‘I hope you’re raped until you’re dead.” That was one of the violent, sex-addled and now removed comments on the Facebook page of an event held Monday night called “Kamoch: A Jewish Response to Asylum-Seekers.” The comment was aimed at one of our female organizers.
At this writing, the event is a few days away. But by press time, the event will have passed – hopefully as planned, with teachers, speakers and music – including talmudist Avital Hochstein, haredi activist Tali Farkash, Israel Prize winner and world-renowned Holocaust scholar Yehuda Bauer and singer Alma Zohar. They represent varied voices and ways of being Jewish, all engaging in a meaningful, scholarly, intuitive, passionate and reasoned discussion about the issue.
The public Jewish response to asylum-seekers in Israel varies. Some, but too few in my opinion, want to do our utmost to follow God’s command to “treat them as a citizen among you.” Others do their utmost to uphold Pharaoh’s decree to “deal shrewdly with them, lest they multiply, and it come to pass that when there is war, they will join our enemies and fight against us…” And there are the Jews from the “Pharaoh camp,” like our Facebook commenter, who attack those from the divine commandment camp. If that has happened in reverse, I have not witnessed it.
But most frustrating and confounding to me are those who claim to care deeply about mitzvot and at the same time oppress the stranger, defying God’s most insistent command: “If a stranger (ger) lives among you in your land, you shall not wrong him. A stranger who lives among you will be like a citizen, and you shall love him as yourself, for you were strangers (gerim) in the land of Egypt; I am Lord your God” (Leviticus 19:33-34).
I have heard attempts to justify this: “Oh, ‘ger’ means ‘ger tzedek,’ a convert!” Wait, you mean, we were converts in the land of Egypt? That’s a stretch, at best.
So why, when it comes to mitzvot about love and empathy for the stranger, do some halachic Jews feel it is within their purview and power to adjust the understanding, even the straightforward meaning, of a biblical text? Can we alter the text’s plain meaning in order to decrease our obligation to other human beings? But when it comes to mitzvot like “Do not lie with a man,” we must cling fiercely to it?
In order to increase shame and alienation and pain in others, we ossify God’s dictate? When a pasuk detracts from a human being’s ability to have love and family, deprives them of an ezer k’negdo – a loving partner in navigating life – we “have no other choice”?
In other words, we can reinterpret biblical text to decrease dignity, empathy and love, but not to increase it? I do not believe in the ossification of Torah or rabbinic texts; I believe in a living Torah. Many years ago, at our minyan in Newton, Massachusetts, just outside Boston, I stood in the hall outside the sanctuary. I held my son, Adar, just a year old, in my arms. It had only been three months since I had gone to Ethiopia to bring him home to Newton, where we joined his new Abba and big sisters.
A friend emerged from the sanctuary and saw me standing there, looking a little wistful, wanting to join the service but not sure I should bring my little noisemaker in. She slowed as she passed, smiled and tugged on Adar’s little foot, saying, “You know, he’s a Torah, too.”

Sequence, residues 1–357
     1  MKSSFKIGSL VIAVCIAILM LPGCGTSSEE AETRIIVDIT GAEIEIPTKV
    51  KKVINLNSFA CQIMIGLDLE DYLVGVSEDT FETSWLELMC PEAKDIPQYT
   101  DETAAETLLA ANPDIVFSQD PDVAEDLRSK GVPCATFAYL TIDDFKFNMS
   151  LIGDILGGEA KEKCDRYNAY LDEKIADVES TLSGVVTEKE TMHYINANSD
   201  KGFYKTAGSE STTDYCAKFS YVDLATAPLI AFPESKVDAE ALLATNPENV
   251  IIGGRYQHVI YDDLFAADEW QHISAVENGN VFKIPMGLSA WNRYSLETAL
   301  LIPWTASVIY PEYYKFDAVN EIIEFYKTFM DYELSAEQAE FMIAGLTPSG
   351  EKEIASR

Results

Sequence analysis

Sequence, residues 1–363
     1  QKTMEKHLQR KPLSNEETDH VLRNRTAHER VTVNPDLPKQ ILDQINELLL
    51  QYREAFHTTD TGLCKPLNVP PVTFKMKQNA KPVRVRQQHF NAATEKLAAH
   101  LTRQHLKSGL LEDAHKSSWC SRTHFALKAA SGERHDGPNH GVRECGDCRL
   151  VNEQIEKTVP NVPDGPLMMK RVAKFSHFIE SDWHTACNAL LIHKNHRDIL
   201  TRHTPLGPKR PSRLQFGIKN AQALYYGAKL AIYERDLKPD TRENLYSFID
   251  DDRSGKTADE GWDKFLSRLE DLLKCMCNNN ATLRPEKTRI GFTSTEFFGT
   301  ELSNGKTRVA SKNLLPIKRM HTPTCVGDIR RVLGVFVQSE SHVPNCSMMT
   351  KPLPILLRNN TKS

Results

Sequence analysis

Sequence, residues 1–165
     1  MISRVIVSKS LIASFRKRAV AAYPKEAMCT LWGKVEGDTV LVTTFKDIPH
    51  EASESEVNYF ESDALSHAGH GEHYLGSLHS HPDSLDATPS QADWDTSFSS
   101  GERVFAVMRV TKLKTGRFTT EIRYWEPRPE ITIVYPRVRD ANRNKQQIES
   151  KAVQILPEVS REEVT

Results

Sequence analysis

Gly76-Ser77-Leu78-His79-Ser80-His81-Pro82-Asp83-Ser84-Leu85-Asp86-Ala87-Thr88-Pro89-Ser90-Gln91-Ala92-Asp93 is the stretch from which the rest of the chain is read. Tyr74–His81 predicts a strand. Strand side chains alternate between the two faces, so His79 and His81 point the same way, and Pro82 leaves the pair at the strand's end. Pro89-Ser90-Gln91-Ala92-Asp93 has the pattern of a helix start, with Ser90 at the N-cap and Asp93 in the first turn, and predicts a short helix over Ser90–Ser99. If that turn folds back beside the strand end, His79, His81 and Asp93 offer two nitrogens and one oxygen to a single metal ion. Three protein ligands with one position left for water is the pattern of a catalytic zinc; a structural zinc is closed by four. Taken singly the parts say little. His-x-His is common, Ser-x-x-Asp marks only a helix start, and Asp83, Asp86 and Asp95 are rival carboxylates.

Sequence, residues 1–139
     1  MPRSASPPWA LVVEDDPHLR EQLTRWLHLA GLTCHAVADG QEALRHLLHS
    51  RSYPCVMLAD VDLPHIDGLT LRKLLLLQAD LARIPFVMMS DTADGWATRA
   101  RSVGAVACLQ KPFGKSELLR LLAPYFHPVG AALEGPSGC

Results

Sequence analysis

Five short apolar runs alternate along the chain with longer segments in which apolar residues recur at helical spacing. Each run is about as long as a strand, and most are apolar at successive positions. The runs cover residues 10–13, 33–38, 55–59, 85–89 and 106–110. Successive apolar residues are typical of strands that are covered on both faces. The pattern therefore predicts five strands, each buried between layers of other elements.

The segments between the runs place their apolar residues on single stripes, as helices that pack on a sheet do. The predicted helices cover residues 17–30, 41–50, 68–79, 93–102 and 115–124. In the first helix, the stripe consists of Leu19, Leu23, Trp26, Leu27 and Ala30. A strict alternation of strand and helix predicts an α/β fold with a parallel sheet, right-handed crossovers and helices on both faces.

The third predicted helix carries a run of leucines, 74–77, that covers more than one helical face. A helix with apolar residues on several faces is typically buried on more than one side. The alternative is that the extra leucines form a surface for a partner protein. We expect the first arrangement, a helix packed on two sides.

The world is Torah. Our relationships and experiences and intuitions are Torah. And Torah itself can be used to justify pikuah nefesh (the principle of human life overriding almost any other religious dictate), and can be used to justify murder. What do we choose to strengthen in the scroll of Torah and in God’s world of Torah? Because that is up to us.
The government’s paid religious authorities use their energy to control kashrut, Shabbat, holy places and their own pockets. And overall, as a Jewish society within Israel, we let that stand. But we should not be fooled into thinking they’ve got us covered religiously. For that is a desperate, narrow and cowardly interpretation of Jewish obligation and society.
For there is nothing there – granting hashgaha (kosher certification), preventing buses from running on Shabbat, denying women a Torah at the Kotel, using civil law to limit liberal Judaism – that takes any courage or faith in God. It’s all greedy and self-serving. That’s the opposite of courage. The opposite of brit (covenant).
Being a champion for one’s own political power is not admirable. It is not brave or exemplary or illuminating. It is pathetic, frankly, when it means preservation of empty ritual – empty because it does not serve to bolster humanity or honor God.
One mitzva that takes real faith – and real courage – is to honor the oft-repeated command to treat the stranger with dignity and compassion and fairness. Because it is frightening. Because we might imagine ourselves as more vulnerable. Because we may not like it.
Because of those hesitations, we see that the mitzva demands courage and faith. And so we must develop that courage and that faith.The writer is a rabbi who lives in Jerusalem with her husband and five children. She is co-author of
Jewish Family and Life: Traditions, Holidays, and Values for Today’s Parents and Children (Golden Books), founder of JustAdopt.net and active on behalf of asylum-seekers and Jewish pluralism. Twitter: @justadopt and @rabbasusan
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